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A year later since the passing of Uyinene Mrwetyana

Updated: Sep 15


A year later since the passing of Uyinene Mrwetyana: The Uyinene Mrwetyana Foundation is asking, what has changed?’


South Africa’s crime statistics for 2018/19 reveals that close to 3000 women were murdered. This means a woman is murdered every three hours in this country.

Like Uyinene Mrwetyana, in whose name the Uyinene Mrwetyana Foundation was established, many of those women were also raped or sexually assaulted before they were murdered.


The number of reported sexual offences increased to 52,420 in 2018/19.

It is widely recognised that rape and sexual assault cases are, for many reasons under-reported or unreported to police and the number of women who are affected by these heinous crimes is likely to be much higher. Investigation capacity in the SA Police Services remains poor. Directors of Public Prosecutions offices are unacceptably understaffed and under-skilled. Without the certainty of effective investigation, arrest, prosecution and harsh sentences, there can be no remedying these systemic problems.


President Cyril Ramaphosa has acknowledged that this country has one of the highest rates of gender-based violence in the world. Last year, the president commissioned the Interim Steering Committee on Gender-Based Violence Femicide (ISCGBVF) to prepare an Emergency Response Action Plan (ERAP) that would be implemented over six months. He convened the Joint Sitting of Parliament to discuss the state of gender-based violence and unite the country behind a national plan. He charged the ISCGBVF to implement the plan and report back weekly on progress made.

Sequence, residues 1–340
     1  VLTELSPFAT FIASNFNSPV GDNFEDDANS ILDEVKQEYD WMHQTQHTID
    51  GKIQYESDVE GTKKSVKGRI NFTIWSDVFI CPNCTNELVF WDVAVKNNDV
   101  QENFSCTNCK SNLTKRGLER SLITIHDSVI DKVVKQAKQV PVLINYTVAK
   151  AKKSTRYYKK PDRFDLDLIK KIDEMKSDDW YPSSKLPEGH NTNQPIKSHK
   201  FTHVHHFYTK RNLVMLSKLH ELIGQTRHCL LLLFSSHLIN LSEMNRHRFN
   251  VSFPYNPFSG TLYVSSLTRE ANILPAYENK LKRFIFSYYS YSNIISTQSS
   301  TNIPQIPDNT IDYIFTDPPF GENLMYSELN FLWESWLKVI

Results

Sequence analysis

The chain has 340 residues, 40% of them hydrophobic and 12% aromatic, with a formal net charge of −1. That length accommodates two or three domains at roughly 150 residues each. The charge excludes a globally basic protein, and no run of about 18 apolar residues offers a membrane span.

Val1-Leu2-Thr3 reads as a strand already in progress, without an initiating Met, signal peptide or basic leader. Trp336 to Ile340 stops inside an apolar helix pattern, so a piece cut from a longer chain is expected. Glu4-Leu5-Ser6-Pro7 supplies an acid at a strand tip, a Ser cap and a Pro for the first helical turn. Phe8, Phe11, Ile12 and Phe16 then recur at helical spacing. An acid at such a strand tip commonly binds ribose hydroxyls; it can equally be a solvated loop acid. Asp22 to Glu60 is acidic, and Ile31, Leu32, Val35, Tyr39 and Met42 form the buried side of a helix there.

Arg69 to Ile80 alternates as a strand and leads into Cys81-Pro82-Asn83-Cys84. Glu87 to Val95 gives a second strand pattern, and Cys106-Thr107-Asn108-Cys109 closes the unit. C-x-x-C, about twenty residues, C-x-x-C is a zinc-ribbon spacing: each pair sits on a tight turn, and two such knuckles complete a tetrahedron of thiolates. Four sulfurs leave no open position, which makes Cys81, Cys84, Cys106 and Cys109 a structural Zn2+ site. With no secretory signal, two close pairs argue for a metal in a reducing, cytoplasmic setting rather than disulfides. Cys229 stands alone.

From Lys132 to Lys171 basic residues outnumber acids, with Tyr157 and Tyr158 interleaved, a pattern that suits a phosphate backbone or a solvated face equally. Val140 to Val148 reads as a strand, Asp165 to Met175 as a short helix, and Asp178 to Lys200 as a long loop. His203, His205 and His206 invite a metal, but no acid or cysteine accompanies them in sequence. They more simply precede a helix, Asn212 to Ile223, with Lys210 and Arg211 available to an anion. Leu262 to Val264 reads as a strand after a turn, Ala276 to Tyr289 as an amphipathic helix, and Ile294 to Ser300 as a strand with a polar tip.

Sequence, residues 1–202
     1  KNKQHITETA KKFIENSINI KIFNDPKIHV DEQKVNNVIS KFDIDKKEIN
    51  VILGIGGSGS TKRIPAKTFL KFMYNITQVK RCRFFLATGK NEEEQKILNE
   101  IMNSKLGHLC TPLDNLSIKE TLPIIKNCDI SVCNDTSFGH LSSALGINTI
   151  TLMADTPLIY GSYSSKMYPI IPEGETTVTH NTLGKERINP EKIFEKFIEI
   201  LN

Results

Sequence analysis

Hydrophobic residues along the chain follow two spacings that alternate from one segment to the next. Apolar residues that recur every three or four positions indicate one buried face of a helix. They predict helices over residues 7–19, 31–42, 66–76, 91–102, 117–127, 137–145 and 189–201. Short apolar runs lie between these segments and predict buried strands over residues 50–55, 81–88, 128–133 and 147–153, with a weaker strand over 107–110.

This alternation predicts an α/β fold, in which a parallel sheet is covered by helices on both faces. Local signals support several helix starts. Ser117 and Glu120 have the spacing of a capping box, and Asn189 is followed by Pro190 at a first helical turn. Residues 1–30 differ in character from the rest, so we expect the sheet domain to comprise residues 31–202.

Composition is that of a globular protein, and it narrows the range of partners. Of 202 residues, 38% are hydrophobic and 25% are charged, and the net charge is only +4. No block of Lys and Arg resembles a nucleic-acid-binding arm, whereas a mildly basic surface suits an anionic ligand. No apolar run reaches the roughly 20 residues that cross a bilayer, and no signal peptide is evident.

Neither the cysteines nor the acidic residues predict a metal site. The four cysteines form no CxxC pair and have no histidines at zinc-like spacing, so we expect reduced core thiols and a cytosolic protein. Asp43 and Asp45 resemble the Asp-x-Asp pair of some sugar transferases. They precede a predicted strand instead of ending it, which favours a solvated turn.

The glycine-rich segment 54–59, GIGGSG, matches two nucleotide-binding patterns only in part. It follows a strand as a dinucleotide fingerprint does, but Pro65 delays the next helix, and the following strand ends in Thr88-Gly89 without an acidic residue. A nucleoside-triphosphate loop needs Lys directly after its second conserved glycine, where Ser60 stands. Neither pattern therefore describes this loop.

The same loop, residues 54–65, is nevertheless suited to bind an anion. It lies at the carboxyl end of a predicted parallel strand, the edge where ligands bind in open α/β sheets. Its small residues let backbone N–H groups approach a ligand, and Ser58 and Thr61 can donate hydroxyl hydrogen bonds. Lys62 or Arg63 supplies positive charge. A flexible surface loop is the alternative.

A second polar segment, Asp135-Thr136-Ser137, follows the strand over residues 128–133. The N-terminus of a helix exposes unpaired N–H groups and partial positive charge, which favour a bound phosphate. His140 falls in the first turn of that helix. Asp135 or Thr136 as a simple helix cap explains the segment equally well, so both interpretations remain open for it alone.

The plan was presented to Parliament and approved on the 18th of September 2019. Consequently, the Gender-based Violence and Femicide National Strategic Plan (GBVF-NSP) was born. President Ramaphosa and government departments rallied around the plan and an amount of R1, 6 billion has been sourced through budget reprioritization.

Among other things President Ramaphosa promised the following

  1. Harsher sentences for offenders crimes against women and children should attract harsher minimum sentences and bail and parole for perpetrators of rape and murder against women and children must be reconsidered

  2. Sexual offences courts: an increase of 11 courts to improve conviction rates and provide comprehensive and appropriate services to ensure survivors of sexual offences are not subject to further trauma.

  3. National Register of GBV offenders to be “overhauled and modernized” and parliament requested to amend legislation to make the register public.

  4. Cold gender-based violence cases that had been closed or not properly investigated would be reviewed.

  5. Other systemic challenges including the backlog of cases, delays in DNA testing and the availability of rape test kits in our police stations would be addressed.